Come Shoot With Me: How To Photograph A Wedding Reception

Have you ever found yourself feeling really anxious to photograph a wedding reception? Maybe you don’t know what to take photos of first or when to use flash and when to not. I’ve got you covered, friend!

In case you missed the first few “Come Shoot With Me Series”, you can catch up on the latest posts about how to photograph bride & groom portraits and a wedding ceremony without flash

In this video though, I’m including all the behind the scene details for when I photograph a wedding reception. Everything from reception tables, decor, the first dance, cake cutting, and so much more! I’m also sharing my flash settings and where I position my OCF in a reception space.

Detail #1: Empty Reception Room

The reception room is where I began to shoot. There were about 120 guests at this wedding and I wanted to first shoot the space BEFORE the guests arrived. This included being able to get all the details inside the room. From the table decor to the floral arrangements to the name cards, I focused on both horizontal and vertical images. I always try my best to do this before anyone is allowed in the room. But I don’t always have control over that. So, I do my best, but sometimes I have to photoshop people out.

I was using off camera flash while shooting. My assistant who filmed this video from the perspective you saw in the video was holding my flash for me because there was no room for the stand. If I didn’t have my assistant, I would have just put the flash on one of the tables and let it do its thing. I continued to work my way throughout the rest of the room and captured every gorgeous detail.

Across the room where I was standing, you could see where the reception was going to be held. That was the “sweet spot” for where I wanted to setup my off camera flash. Unfortunately though, I wasn’t able to bring that flash all the way in there because it was too awkward and tight from the tables. 

Finally, I walked over to where the dancing was taking place and decided to stop and talk to the videographer just to touch base and confirm we were on the same page for shooting. When you find these pockets of time, take advantage of them! 

During that time, we discussed setting up our lights, where the bride and groom were entering in, and where we were going to be standing. Ultimately, we also decided we were going to try and stick to the same side. That way we wouldn’t get in each other’s shots. Creating a game plan will make such a HUGE difference going into the reception. 

Detail #2: Couple Arrives

Once the couple arrived, I had my off camera and on camera flash set up. In one of the shots, you could actually see that my flash was just off to the upper right hand corner. It was at 1/16 power. It stayed right around there for pretty much the rest of the night. It just added a little bit of a fill. Additionally, it brightened up important details like the bride’s dress. 

Due to the ceiling being vaulted and having a darker wood tone, I ended up using more flash power and a higher ISO than I normally would. It was absorbing that light and bouncing back as a color cast with some yellow tones. The off camera flash brought that beautiful, clean light directly to my couple and filled their faces. I did not want my only flash to be on camera. It would be pretty yellow and hard to balance for their skin tones.

Detail #3: Dancing 

As they moved to open dancing, we had already photographed their first dance. I moved around the dance floor and kept the flash settings pretty much the same. I found different moments with my focus on the bride and groom. During times that the couple was off the dance floor, I took lots of photos with family members and friends having a good time.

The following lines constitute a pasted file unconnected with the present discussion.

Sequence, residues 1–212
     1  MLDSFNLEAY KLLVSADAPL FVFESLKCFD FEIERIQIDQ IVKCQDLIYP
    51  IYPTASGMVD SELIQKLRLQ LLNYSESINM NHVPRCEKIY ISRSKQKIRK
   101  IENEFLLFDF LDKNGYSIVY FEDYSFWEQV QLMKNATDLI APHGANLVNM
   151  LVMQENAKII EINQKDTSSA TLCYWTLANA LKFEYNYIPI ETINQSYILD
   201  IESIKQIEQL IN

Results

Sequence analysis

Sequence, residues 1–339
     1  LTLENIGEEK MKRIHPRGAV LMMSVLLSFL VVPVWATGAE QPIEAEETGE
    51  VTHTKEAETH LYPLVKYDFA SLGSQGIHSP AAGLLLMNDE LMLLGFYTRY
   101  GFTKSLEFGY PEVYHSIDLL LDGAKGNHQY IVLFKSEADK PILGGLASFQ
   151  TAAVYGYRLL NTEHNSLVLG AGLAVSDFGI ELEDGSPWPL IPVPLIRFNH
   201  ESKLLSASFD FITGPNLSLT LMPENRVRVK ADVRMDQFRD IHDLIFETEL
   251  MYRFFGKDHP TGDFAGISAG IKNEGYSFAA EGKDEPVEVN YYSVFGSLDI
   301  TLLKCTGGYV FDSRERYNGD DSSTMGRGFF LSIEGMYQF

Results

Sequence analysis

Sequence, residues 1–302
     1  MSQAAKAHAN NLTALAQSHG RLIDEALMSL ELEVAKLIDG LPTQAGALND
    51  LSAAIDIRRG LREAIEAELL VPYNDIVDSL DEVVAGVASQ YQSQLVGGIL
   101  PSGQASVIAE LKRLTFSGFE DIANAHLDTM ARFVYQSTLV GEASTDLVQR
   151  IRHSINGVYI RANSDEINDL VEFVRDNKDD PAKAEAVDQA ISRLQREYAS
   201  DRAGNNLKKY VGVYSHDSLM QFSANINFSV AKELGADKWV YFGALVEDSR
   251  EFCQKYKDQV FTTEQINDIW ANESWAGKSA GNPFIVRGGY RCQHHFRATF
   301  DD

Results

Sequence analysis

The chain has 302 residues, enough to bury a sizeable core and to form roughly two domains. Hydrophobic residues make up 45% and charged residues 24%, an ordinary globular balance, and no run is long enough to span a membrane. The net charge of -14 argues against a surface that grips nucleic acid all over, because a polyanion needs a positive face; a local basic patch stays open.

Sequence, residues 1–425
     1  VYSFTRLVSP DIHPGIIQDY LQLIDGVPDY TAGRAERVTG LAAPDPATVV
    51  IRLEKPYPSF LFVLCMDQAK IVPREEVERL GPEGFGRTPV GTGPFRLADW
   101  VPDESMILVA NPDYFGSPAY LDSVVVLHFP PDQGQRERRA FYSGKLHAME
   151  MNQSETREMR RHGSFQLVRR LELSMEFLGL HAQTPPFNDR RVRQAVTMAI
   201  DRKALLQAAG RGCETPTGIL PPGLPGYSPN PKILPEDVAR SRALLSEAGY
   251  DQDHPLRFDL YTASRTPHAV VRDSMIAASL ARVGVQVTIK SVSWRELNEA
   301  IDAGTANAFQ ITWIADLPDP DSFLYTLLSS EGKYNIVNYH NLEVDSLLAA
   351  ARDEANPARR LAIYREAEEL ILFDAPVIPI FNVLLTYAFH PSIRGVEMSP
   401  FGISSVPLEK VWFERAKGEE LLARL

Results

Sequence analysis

I also took the time to take additional portraits for any family members who wanted them at the reception. We call those “grab and grins,” where they get together for a quick picture. I love to do those. I think they are so fun for the couple to get inside of their gallery that they didn’t expect to receive or know that we took. Just some bonus portraits for them!

Detail #4: Cake Cutting

About halfway through the reception, the cake was brought out. It’s always fun  when the cake is put in the middle of the dance floor. We were able to get some nice separation with the off camera flash. We could also get some cool angles by moving around them versus them being in a corner or against a wall. It would’ve made it a little harder for my second shooter and I to get really different angles. So, that was a nice treat. 

Bonus Tip: Stick around after the cake cutting until they walk away. I never want to miss the kisses, them feeding each other the cake, or any other special moments like a quick dip, impromptu toast, or dance. These make for  perfect photo opportunities. So, don’t stop shooting after they cut the cake because these images are GOLDEN!

The remainder of the night was open dancing. It became a great time to get out on the dance floor, use a nice wide angle lens, and get the big shots of everyone having a good time on the dance floor. Additionally, it was awesome to then play around with flash and get more of a dramatic look and feel to the images.

As you continue to shoot wedding receptions, you’ll become more and more confident in what to shoot and when to shoot it. Having a timeline in place helps a lot too but always be open to being flexible with the day as it goes and finding those special opportunities for shots or connecting with other vendors. 

Let me know in the comments what the most helpful part of this post was and what questions you might still have. Stay tuned for the next post in the series! 

 If you haven’t already, check out the first two videos of the “Come Shoot With Me” series, where I talk about photographing: Bride & Groom Portraits as well as A Wedding Ceremony Without Flash

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